That won't happen to me

 
Kayakers from time to time experience the occasional boat wake from an inconsiderate boater who comes too close to us. This is just a fact that we have to accept when using the same waters as powered craft. These wakes can sometimes catch us by surprise and swamp our craft and even throw us in to the drink. I have seen the experienced kayakers roll their kayak unexpectedly and they all say “I never thought that would happen to me”.  If you are going to be in water deeper than four feet, then you need to be proficient at righting your kayak and reentering it.

A kayak loaded with fishing gear is not easy to roll back over without using the right technique and maybe even harder to get back into depending on your strength build and skill.

The easiest way to right a loaded sit on top kayak is to kick up and droop your body across the hull so that your abdomen is resting on the hull, then reaching out and grabbing the opposite side of the kayak and holding on to it drop back into the water bringing the side you grabbed with you. Believe it or not this does take some practice.

Once you master this skill you will most assuredly want to get back into your yak. So to do this you will once again kick up hard as possible and get your belly over the cockpit area basically lying across your kayak. Be careful here you do not want to grab your kayak and pull it towards you as this will cause it to roll and hit you in the face. Then it is just a matter of rotating your hips until you butt is in the kayak, and then you can sit up and swing your legs into the kayak.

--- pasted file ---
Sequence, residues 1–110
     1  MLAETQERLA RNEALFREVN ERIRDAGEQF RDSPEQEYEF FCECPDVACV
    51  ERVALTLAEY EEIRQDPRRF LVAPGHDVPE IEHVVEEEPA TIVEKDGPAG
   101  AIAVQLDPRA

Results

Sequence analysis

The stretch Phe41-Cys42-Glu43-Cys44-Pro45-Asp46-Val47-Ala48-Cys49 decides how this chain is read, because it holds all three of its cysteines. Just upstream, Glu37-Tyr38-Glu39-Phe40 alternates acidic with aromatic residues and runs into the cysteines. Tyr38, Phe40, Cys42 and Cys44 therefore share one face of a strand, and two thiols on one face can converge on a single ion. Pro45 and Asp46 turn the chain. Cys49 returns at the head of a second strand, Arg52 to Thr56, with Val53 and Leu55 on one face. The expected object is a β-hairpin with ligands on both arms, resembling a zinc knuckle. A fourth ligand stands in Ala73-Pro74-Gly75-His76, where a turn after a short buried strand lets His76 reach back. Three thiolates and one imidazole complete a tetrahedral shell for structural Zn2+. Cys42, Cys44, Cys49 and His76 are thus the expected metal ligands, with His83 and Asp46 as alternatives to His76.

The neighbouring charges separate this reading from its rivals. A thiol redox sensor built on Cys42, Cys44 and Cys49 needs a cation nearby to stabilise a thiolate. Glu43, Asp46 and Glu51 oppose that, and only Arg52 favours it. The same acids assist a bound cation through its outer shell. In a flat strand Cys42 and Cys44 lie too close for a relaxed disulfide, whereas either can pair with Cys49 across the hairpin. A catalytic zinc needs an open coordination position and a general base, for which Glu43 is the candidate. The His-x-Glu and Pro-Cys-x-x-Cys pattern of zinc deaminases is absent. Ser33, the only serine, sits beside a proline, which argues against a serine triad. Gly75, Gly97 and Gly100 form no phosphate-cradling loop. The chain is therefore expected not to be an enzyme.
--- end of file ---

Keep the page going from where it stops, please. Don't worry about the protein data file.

This sounds simple; however it is not, you must practice this! This technique will save your life especially in the winter when there is a danger of hypothermia. My motto has always been prepare for the worst then if something unplanned happens, you will live to tell your tale.

Here is a video of Dohrm Crawford intentionally rolling his Native Watercraft Slayer 14.5 and getting back in. Notice the exceptional stability of the Native Watercraft Slayer, Most kayaks are not this stable and are harder to get back in to.
 


Good luck, may your kayak and lines stay wet and your butt stay dry.

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